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There is a classical italian two-player card game that works like this.

Cavacamicia

Split a $40$ card deck in two: give each half to a player, facing down.

Player $A$ begins by drawing a card. Alternatively, each player draws a card until a $1,2$ or $3$ appear. If one of these three cards is drawn, say by player $A$, player $B$ must start drawing cards from his deck. He stops in the two following cases:

  • If he draws as many cards as the value of the $1,2,3$ card: in this case, player $A$ takes all the cards on the table and places them on the bottom of his deck.
  • If he draws a $1,2$ or $3$. In this case, the opponent must start drawing cards from his deck with the same rules.

Whoever is able to leave the opponent without cards in his deck wins.

Clearly, the game is completely deterministic: no strategies are involved. By knowing the order of the $40$ card deck, one can simulate the game and determine whether the player with the first or the second half wins.

I have played a sufficient number of games as a kid with my grandparents that I consider myself pretty much sure that this game will always terminate. I have two questions:

  • Question 1: is there any simple reason why this game should terminate at all, without bruteforcing the problem?
  • Question 2: is it possible to give necessary and sufficient conditions on the order of the cards in the deck such that the player with the first half will win?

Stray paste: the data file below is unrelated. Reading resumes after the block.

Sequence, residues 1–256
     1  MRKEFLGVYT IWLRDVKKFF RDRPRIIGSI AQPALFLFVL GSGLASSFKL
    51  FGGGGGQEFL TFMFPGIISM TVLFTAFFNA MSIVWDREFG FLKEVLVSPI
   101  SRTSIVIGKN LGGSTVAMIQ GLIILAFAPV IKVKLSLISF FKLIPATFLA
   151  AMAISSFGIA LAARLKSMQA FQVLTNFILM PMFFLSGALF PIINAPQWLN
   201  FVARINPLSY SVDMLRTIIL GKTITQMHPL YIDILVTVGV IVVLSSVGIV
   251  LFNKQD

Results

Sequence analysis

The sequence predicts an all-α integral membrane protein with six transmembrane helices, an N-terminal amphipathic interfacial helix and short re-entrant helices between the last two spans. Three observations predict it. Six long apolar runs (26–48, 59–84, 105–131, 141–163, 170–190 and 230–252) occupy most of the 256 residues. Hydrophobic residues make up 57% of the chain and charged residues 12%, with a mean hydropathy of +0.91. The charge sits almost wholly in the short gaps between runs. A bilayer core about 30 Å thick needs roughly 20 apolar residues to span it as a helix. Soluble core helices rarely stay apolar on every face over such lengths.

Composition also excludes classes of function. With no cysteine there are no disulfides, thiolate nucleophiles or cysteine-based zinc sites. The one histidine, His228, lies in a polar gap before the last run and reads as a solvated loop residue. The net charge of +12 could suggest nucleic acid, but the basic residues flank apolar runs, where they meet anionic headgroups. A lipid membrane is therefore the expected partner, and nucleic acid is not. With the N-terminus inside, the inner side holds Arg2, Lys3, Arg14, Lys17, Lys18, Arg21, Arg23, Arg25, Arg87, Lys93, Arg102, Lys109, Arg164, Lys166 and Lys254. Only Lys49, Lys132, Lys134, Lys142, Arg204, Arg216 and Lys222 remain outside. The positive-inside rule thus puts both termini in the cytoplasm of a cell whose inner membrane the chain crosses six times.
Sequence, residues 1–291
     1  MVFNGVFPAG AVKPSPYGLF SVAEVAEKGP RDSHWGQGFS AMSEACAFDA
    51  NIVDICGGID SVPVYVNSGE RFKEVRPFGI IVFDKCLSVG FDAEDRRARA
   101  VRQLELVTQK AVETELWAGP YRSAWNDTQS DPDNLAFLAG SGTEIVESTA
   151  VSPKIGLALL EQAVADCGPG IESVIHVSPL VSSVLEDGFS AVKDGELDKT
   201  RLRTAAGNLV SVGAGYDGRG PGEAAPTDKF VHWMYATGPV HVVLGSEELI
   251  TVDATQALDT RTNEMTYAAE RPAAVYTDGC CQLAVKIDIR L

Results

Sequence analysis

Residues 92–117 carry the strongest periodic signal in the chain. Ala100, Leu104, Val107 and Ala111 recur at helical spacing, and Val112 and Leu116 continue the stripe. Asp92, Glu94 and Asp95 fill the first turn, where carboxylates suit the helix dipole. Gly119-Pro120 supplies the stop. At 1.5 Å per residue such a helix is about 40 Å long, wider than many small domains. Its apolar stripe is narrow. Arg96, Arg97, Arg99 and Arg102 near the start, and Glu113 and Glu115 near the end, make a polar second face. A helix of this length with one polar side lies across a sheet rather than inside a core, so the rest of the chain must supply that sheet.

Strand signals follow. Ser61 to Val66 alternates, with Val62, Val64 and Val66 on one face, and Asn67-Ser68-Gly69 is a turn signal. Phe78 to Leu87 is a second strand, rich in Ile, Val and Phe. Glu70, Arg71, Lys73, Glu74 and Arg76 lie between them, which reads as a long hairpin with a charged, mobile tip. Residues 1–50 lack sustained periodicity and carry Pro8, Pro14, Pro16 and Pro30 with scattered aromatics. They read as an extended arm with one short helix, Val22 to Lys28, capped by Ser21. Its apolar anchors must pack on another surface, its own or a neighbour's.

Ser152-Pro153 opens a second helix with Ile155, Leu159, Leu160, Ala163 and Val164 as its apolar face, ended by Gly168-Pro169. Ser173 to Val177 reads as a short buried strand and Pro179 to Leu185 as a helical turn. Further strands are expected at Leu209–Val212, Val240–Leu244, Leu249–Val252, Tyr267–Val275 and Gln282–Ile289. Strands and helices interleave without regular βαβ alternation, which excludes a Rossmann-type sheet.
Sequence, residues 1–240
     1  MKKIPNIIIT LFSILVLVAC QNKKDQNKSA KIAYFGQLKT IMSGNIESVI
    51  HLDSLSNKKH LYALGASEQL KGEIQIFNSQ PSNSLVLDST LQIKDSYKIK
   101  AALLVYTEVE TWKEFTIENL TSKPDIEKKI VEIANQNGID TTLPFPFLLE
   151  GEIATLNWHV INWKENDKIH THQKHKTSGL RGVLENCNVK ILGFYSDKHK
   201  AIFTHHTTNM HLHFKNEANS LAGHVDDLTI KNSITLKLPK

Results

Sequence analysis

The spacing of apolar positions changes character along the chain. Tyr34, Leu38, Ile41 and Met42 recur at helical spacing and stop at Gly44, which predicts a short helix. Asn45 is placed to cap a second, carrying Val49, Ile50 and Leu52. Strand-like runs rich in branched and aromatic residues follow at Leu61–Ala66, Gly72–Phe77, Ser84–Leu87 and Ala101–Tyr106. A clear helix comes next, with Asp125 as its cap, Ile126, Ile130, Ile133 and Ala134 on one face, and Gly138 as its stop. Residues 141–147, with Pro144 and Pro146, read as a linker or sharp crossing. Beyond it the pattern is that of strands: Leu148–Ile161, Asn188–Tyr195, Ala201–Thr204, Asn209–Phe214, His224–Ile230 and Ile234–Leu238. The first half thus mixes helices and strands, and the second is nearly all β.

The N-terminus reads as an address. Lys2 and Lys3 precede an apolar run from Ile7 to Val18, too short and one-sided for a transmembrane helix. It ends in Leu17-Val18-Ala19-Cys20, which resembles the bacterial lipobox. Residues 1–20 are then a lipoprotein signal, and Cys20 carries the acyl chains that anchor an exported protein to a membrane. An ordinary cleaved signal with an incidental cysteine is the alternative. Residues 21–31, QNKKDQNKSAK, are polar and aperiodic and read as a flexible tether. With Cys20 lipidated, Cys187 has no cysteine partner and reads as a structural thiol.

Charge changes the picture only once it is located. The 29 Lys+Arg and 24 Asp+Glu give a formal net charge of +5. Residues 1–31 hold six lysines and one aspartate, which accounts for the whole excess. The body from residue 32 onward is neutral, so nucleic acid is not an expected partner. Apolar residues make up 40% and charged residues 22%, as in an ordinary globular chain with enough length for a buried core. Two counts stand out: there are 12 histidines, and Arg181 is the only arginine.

Feel free to edit the tags or propose migration to other .se sites as I do not know if the question is appropriate here.

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According to the Italian entry on Wikipedia about this game (and not yet on the English one) just a couple of months ago an endless game has been found, with the following initial placement ($0$ means any card other than $1$, $2$ or $3$):

Player $1: 0 0 3 0 2 0 2 0 3 0 3 1 0 0 0 0 0 3 1 0$

Player $2: 0 0 1 0 0 2 0 0 0 0 2 0 0 0 0 0 0 0 1 0$

It has long been an unresolved problem, so I guess it's not an easy one. On the same entry there is a link (this) to a tool for the game's analysis.

P.S.: thank you for asking about this game, you brought me back a lot of memories!

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